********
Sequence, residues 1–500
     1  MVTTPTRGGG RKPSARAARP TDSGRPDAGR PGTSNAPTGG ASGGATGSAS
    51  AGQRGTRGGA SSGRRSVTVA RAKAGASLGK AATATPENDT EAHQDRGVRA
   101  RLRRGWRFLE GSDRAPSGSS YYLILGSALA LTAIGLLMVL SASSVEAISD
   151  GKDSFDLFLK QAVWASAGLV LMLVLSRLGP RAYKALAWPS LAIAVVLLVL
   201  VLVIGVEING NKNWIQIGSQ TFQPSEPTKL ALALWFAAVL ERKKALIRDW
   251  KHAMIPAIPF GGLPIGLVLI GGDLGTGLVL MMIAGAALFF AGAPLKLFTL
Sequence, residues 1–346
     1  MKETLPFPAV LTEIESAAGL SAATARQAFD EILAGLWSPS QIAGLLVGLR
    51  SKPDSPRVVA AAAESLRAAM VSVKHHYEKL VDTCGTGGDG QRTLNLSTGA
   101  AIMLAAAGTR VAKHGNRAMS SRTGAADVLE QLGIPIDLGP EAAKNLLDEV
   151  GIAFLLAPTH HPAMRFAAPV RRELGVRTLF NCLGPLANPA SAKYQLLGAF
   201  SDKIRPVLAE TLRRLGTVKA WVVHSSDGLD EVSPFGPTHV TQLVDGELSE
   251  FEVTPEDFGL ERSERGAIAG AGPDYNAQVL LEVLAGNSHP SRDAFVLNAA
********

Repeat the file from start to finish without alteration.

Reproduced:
Sequence, residues 1–500
     1  MVTTPTRGGG RKPSARAARP TDSGRPDAGR PGTSNAPTGG ASGGATGSAS
    51  AGQRGTRGGA SSGRRSVTVA RAKAGASLGK AATATPENDT EAHQDRGVRA
   101  RLRRGWRFLE GSDRAPSGSS YYLILGSALA LTAIGLLMVL SASSVEAISD
   151  GKDSFDLFLK QAVWASAGLV LMLVLSRLGP RAYKALAWPS LAIAVVLLVL
   201  VLVIGVEING NKNWIQIGSQ TFQPSEPTKL ALALWFAAVL ERKKALIRDW
   251  KHAMIPAIPF GGLPIGLVLI GGDLGTGLVL MMIAGAALFF AGAPLKLFTL
Sequence, residues 1–346
     1  MKETLPFPAV LTEIESAAGL SAATARQAFD EILAGLWSPS QIAGLLVGLR
    51  SKPDSPRVVA AAAESLRAAM VSVKHHYEKL VDTCGTGGDG QRTLNLSTGA
   101  AIMLAAAGTR VAKHGNRAMS SRTGAADVLE QLGIPIDLGP EAAKNLLDEV
   151  GIAFLLAPTH HPAMRFAAPV RRELGVRTLF NCLGPLANPA SAKYQLLGAF
   201  SDKIRPVLAE TLRRLGTVKA WVVHSSDGLD EVSPFGPTHV TQLVDGELSE
   251  FEVTPEDFGL ERSERGAIAG AGPDYNAQVL LEVLAGNSHP SRDAFVLNAA